Deremi Ajidahun, CEO of Hole19 Group and Zakaa retail stores, is determined to change the way Nigerians purchase fine watches and is often congratulated by Swiss CEOs on the appetite of Nigerians vacationing in Paris, London or New York for these luxury goods.
Deremi Ajidahun, the founder of Hole19 ©Igor Laski
The African retailer responds to this observation by expressing regret that they are not purchasing the watches at home, in Lagos or Abuja. The system is going round in circles, and Africa, despite its demographic potential (180 million inhabitants in Nigeria alone) and the eternal promises of development, today accounts for scarcely 2% to 3% of luxury purchases worldwide.
On the subject of Africa, many a watch company CEO talks of a continent in transformation, a young, fast-developing land, a future El Dorado of luxury even. But when it comes to action, investing in the luxury distribution network on the continent, is another matter.
So why build a boutique in Lagos, Nigeria when the richest residents spend most of their time in the major European capitals, where they do not skimp when it comes to buying luxury watches? Deremi Ajidahun, with seven boutiques in Nigeria and a group that sells far more than just watches, has still not found a solution to this problem. So he listens attentively, without falling for it, to the enthusiastic talk of the watch company CEOs, waiting to throw it back at them at the negotiating table.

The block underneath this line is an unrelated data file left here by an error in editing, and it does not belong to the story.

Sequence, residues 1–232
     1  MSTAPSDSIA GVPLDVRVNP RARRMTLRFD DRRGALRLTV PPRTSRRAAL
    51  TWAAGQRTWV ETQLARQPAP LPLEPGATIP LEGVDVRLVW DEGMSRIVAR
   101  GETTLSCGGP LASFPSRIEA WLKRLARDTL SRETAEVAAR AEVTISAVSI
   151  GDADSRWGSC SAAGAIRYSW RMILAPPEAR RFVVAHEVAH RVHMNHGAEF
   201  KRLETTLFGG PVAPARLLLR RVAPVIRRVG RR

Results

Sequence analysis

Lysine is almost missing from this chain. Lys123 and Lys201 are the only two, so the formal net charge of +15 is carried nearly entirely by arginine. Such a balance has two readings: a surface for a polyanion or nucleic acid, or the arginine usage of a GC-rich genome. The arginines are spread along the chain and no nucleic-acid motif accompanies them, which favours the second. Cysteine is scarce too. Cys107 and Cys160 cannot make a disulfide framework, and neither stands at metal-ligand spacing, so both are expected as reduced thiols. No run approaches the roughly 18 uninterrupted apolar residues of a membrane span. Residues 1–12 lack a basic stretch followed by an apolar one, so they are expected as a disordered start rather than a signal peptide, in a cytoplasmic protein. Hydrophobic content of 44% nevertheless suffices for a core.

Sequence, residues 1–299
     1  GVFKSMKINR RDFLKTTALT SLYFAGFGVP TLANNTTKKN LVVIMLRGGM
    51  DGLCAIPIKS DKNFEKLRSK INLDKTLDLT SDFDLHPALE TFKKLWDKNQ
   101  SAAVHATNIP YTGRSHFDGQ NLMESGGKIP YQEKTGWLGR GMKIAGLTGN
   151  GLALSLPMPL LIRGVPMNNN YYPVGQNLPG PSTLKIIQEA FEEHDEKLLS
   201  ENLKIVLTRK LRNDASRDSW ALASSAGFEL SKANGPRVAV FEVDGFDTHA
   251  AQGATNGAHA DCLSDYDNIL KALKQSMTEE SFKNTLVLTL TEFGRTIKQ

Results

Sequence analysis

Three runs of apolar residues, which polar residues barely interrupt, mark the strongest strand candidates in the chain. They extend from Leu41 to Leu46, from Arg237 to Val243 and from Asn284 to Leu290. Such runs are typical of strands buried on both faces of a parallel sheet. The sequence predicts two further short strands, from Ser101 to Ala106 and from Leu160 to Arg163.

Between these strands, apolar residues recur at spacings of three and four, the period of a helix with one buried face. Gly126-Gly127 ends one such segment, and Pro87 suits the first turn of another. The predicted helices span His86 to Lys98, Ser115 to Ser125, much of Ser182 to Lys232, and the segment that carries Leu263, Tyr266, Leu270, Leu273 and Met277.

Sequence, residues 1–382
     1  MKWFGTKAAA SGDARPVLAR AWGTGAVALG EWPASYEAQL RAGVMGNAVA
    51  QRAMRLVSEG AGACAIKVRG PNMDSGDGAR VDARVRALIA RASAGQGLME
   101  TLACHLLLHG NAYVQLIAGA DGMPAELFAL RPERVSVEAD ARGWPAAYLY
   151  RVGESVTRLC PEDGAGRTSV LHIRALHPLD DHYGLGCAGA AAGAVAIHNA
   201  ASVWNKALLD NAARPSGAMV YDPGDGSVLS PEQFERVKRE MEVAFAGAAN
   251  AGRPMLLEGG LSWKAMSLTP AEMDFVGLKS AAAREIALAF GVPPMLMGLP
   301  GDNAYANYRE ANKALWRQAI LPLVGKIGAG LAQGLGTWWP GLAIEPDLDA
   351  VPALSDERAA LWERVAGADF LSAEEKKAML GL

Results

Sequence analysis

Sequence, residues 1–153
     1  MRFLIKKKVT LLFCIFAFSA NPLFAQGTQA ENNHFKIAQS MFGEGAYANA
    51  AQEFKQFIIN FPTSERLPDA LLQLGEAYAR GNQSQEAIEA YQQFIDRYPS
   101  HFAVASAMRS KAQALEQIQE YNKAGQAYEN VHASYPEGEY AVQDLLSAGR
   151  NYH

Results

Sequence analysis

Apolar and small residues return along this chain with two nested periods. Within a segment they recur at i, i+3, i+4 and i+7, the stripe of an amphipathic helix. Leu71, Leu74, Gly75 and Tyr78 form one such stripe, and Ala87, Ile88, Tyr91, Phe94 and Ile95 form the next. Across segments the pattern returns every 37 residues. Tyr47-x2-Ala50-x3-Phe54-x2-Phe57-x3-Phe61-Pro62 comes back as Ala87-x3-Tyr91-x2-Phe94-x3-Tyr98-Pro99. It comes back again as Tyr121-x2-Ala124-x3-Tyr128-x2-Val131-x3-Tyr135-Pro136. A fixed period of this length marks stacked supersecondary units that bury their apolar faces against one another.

The local African retailers are the good-natured muffins who promote the watchmaking industry and companies while missing out – along with the entire local economy – on actual sales.
An African-style Chinese crisis
Last year was a very difficult year for purchasing watches in Nigeria. This was because of an African-style “Chinese crisis”. A new government set up a “clean hands” policy and an anti-corruption campaign which, as in China, severely restricts gifting. Up to that time, these favours between good friends from the worlds of politics and business, often in the form of luxury watches, represented over 60% of the retailer’s turnover from watch sales alone.
In 2016 Nigeria also entered the deepest recession of recent decades owing to the drop in the price of oil, of which the country is a major producer.
Ulysse Nardin Store, Abuja
Luckily for him, Deremi Ajidahun has more than one string to his bow, since the business on which his group Hole19 (founded in 1987) was built – BtoB marketing in the golfing sector – continues to bolster his sales figures. As does the sale of luxury property, in a group with very diverse assets. He himself has launched his own clothing line.
But the blow to his watch boutiques was tough. He has two multi-brand boutiques, in Abuja and Lagos, where he is an agent for brands of the LVMH Group, as well as for independent brands such as Louis Moinet, Louis Erard and Seven Friday. The retailer also runs two Hublot boutiques, two TAG Heuer boutiques and one Ulysse Nardin boutique.
“About ten years ago, my wife had the idea of expanding into the luxury market. Since I love watches as much as golf, watches were a natural choice,” explains Deremi. The retailer has even created a magazine devoted to the subject to raise the profile of luxury watches in the country: “There isn’t really any specialist press here – and as a general rule, Africa is always under-represented in the big luxury magazines.”
Hublot Store, Abuja
TAG Heuer Store, Abuja